1. Converting lecture hours to online lecture recordings via ReCap video recordings.
  2. Ensuring the learning outcomes are considered for every module delivered online.
  3. Ensuring interactive elements are in place within the one-hour delivery of lectures.
  4. Formative assessment to check to understand with the inclusion of quizzes and short tests.
  5. To tackle the variability of an internet connection, all works are recorded and uploaded for later viewing.
  6. Follow-up of students completed online work and feedback provision accordingly.
  7. Identify suitable online tools and resources to suitably facilitate learning and achievement of the specified learning outcome. Example: Discussion board as a platform for interaction and promote critical thinking and problem-solving skills by case-based teaching.
  8. Providing guidance and support to faculty to use and develop online teaching materials.
  9. Information Technology (IT) department to take measures for the smooth execution of online resources.
  10. Promote Library Resources to support online teaching and learning. 

Creating the Online Learning Environment

Online lectures

NUMed immediately converted face to face lectures with ReCap lecture recordings. Staffs were instructed to facilitate and organize their lecture recordings in teaching spaces utilizing online booking form available on the website. Using the ReCap, personal capture, new recordings were developed as their preferred new standalone recording with a set of slides. This is quickly linked to a module in the Virtual Learning Environment (VLE). VLE is reported to give students more control and accountability towards their own learning and enhances problem-solving skills (Deshmukh and Pathak, 2020). The adoption of VLE as a single model of teaching delivery potentially create the transformative change (Goh and Sandars, 2020). NUMed views this as its main pedagogical platform.


Tutorials and seminars made online encourage students to make the most of the opportunities for discussion and debate. Ideally, online tutorials were best to be kept short by chunking lessons to a smaller proportion, considering the cognitive load with quizzes to capture student’s accountability (Williams and Gil, 2018). E-tutorials were perceived as valuable in reinforcing standard classroom learning methods as it promotes revision at own pace and time (McGuinness and Fulton, 2019). Options on synchronous online meetings (where all members of the group are online simultaneously) or asynchronous discussions running over a longer period provided.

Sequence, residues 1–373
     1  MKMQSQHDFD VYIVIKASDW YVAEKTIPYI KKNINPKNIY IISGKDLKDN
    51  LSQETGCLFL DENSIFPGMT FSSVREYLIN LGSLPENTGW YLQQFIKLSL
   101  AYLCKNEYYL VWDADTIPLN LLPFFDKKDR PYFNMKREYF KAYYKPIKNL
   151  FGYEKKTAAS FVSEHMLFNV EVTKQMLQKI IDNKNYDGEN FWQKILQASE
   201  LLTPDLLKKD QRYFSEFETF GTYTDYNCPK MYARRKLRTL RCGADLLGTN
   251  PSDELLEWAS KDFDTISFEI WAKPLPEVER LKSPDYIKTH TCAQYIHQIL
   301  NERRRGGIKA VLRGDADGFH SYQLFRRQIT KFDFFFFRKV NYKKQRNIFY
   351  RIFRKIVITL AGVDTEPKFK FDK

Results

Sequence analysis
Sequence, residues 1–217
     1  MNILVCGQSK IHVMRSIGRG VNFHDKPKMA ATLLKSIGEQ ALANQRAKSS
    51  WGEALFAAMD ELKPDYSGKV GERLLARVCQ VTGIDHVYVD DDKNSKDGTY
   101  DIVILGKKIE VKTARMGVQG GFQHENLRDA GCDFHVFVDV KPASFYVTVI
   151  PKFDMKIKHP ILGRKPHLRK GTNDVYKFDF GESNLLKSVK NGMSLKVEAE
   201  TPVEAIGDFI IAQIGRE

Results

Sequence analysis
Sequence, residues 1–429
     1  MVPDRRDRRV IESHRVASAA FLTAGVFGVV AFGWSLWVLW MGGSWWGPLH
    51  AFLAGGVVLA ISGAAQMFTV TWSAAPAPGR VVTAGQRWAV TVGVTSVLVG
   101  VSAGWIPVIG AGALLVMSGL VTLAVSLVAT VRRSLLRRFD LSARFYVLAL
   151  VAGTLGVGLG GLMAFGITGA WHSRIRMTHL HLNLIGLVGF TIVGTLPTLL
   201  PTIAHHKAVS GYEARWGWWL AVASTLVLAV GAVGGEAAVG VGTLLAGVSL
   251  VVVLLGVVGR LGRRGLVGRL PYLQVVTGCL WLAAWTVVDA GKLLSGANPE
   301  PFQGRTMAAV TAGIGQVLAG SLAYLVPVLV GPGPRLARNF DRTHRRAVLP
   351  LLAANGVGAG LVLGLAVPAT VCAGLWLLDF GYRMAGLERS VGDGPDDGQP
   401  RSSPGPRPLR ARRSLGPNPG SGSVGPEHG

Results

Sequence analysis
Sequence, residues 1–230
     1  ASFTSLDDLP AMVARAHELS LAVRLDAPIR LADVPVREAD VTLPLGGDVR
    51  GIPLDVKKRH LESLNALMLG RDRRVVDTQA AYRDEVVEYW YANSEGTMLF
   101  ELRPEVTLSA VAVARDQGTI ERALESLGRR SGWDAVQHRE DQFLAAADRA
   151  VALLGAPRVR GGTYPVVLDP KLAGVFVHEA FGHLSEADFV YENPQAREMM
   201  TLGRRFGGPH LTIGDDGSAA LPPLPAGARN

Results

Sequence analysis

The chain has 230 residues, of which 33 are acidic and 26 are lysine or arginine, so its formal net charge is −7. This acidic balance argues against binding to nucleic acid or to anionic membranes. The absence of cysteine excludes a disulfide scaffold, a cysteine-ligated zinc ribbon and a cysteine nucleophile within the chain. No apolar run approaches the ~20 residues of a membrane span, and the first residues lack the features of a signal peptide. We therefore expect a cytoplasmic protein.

Faculty needed to ensure the level of engagement made by the students towards these activities. Accessibility to online books, websites, journal articles, audio or video resources were provided to stimulate discussion. Quality of materials developed verified by deans and assistance deans to course structure, flexibility in the process of learning, and technological quality such as accessibility in responding, ease of use are acceptable (Harsasi and Sutawijaya, 2018).

Online Seminar

Seminar with webinar tools was offered as an alternative, that brings immediate and personable touch. It mimics the sequence and structure of a normal week and provides a fixed focus to students for engaging with pre-work and a deadline for when pre-work should be completed. Furthermore, options were given for parts or all of the sessions to be student-led with breakout rooms used to set tasks for sub-groups of attendees. There may be unfamiliar technology to use in an educational context for students, both as seminar leaders and participants. To address this, support was provided for all staff and students with access to zoom and microsoft teams for running online webinars made available on PC, Mac, Web and mobile devices.

Collaborative documents were made available by setting up in Teams using Word, Excel or other tools in Office 365 to enable both synchronous and asynchronous opportunities for working together. It is crucial to ensure not too large numbers of associates engage in a single document, as it can get confusing and hence proper planning is imperative. This kind of joined work functions better with smaller numbers.  Microsoft Teams can also support small group collaborations.  

Discussion boards

NUMed Blackboard has built-in discussion boards and this is effectively used for asynchronous discussions, with student and teacher post over a period of time. The asynchronous environment provides opportunities for deeper reflection and easier to include students in different time zones. As it is a text-based approach, it has less chance of technical challenges. Threads can be started by staff or students, involving in frequent and active facilitation from the seminar leader to assist discussions, give informal feedback and encourage interaction.